# Finding Smaller Euclidean Distance

This problem seems so simple that it must have been answered before, but I couldn't figure out what to search. Anyway,

Suppose you have the Euclidean distance between two points, $a$ and $b$, $z = \sqrt{x^2+y^2}$, where $x$ and $y$ are the differences, respectively, between the $x$ and $y$ co-ordinates of $a$ and $b$. Note that you do NOT know $a$ and $b$, only $z$. How do you find the value of $z' = \sqrt{(x-1)^2+(y-1)^2}$?

EDIT: Some people have (correctly) pointed out that I seem to be talking about distance from the origin. I wrote the original post in a hurry and didn't include a few clarifying details. Here is the full problem:

I have two rectangles in the plane and I want to find the minimum gap between them. I have a way (read: function) to get the minimum Euclidean distance between them, but the minimum gap is smaller than that (the gap between $(0,0)$ and $(0,2)$ is 1, the point $(0,1)$).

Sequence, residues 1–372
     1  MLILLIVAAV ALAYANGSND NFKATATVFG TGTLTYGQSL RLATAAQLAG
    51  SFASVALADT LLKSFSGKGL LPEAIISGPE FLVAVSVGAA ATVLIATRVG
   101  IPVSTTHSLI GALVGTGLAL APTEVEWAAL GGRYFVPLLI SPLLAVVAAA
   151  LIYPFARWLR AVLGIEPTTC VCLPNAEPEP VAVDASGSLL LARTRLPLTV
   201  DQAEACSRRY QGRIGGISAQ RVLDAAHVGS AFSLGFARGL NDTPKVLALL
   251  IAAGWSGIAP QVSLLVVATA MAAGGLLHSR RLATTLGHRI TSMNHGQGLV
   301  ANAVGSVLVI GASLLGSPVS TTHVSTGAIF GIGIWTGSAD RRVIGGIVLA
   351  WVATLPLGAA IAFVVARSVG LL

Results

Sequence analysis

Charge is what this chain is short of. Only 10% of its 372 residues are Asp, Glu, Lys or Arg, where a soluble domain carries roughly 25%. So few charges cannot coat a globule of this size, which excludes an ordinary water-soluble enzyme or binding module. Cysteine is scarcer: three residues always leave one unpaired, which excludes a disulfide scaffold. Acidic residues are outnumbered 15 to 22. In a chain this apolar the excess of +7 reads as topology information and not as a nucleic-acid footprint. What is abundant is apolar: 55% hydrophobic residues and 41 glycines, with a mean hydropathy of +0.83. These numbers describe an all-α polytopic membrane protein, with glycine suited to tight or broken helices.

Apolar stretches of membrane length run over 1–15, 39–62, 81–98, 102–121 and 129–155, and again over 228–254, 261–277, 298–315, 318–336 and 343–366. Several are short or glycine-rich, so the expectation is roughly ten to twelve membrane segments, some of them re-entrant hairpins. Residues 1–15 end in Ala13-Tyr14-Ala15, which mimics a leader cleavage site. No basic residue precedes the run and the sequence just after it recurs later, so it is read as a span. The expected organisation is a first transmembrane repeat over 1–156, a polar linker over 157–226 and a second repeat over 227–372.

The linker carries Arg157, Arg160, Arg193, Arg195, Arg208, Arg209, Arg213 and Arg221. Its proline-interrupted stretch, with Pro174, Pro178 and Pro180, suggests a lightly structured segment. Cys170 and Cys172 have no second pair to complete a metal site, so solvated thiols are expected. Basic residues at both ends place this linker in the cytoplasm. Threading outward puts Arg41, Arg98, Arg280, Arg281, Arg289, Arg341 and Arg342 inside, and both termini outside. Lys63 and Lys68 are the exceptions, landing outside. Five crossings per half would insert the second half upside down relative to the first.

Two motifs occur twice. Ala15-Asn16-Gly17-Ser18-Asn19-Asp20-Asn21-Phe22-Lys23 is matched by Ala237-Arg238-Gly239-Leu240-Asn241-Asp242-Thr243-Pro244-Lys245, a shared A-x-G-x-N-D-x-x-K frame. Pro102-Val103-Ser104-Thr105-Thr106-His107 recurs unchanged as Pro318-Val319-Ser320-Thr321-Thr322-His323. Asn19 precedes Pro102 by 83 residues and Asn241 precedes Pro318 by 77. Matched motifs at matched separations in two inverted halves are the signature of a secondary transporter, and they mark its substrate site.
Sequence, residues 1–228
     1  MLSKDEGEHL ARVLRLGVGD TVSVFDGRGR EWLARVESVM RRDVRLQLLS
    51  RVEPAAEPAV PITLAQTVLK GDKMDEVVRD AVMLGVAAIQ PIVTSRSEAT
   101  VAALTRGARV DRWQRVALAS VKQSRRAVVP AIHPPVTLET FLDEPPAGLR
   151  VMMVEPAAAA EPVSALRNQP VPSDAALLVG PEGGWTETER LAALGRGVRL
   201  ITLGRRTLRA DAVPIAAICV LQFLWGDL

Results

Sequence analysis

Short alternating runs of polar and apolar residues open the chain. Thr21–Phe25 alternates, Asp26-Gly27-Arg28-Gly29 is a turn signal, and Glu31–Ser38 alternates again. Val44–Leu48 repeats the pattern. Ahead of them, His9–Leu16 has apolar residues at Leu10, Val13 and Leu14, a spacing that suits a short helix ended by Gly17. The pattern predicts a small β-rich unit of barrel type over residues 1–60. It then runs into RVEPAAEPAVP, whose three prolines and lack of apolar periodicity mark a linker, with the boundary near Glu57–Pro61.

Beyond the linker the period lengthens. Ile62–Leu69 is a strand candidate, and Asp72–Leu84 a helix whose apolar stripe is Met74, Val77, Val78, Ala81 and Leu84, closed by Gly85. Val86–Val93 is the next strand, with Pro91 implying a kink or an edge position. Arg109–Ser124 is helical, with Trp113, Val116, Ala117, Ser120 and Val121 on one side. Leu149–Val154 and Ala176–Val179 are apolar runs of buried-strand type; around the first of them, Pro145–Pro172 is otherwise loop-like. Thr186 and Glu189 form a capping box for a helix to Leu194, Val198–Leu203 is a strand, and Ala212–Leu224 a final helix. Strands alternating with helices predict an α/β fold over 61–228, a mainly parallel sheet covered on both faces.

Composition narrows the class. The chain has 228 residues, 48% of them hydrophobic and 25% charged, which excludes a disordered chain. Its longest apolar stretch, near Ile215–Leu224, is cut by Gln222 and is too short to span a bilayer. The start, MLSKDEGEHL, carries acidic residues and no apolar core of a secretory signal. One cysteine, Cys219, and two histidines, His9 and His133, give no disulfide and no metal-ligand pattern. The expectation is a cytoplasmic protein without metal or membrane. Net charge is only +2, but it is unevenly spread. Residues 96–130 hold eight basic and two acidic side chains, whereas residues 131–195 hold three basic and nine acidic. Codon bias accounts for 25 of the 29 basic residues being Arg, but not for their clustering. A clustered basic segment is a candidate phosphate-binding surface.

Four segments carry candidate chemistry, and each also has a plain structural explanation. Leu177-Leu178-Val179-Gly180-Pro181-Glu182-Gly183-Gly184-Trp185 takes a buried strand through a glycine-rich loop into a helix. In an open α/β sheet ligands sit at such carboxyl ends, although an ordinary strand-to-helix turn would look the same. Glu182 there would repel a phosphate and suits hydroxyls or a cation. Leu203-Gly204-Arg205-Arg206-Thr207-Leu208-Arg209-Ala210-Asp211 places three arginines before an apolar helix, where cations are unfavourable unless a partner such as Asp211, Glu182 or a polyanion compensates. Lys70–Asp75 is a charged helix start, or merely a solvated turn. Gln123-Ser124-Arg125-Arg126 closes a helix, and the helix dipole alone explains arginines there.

The $x$ and $y$ mentioned in my original problem were the difference vectors between the closest two points of the two rectangles, not as I originally said, the two points themselves.

• Note that $\sqrt{x^2+y^2}$ is not the distance between $x$ and $y$. It is the distance between $(x,y)$ and $(0,0)$. – Arnaud Mortier May 30 '18 at 0:10
• There is nothing smaller about $x-1$. If the $x$ component is negative, the vector $(x,y)$ just got larger. – Dan Sp. May 30 '18 at 0:23
• @ArnaudMortier Thanks for pointing this out. I edited the post to be more clear about what I was intending. – ThePerfectionist May 30 '18 at 0:55

You can't. $\sqrt{x^2 + y^2}$ is the distance from $(x,y)$ to the point $(0,0)$. $\sqrt{(x-1)^2 + (y-1)^2}$ is the distance to the point $(1,1)$. But there infinitely many points with the same distance from $(0,0)$ (that is, lying on a circle with center $(0,0)$ and a fixed radius) that have different distances to the point $(1,1)$
Your question is "given that $(x,y)$ lies on some circle centered at the origin, how do I find the distance between $(x,y)$ and $(1,1)$?"
• Though you can put limits on it. If $z\ge 1$ then $z-1\le z' \le z+1$ and if $0 \le z \le 1$ then $1-z \le z' \le 1+z$ – Henry May 30 '18 at 0:11
• Sure, the circle is compact, so the distance between $(1,1)$ and a point on it is going to be bounded. But you can't say much more than that. – Arnaud Mortier May 30 '18 at 0:13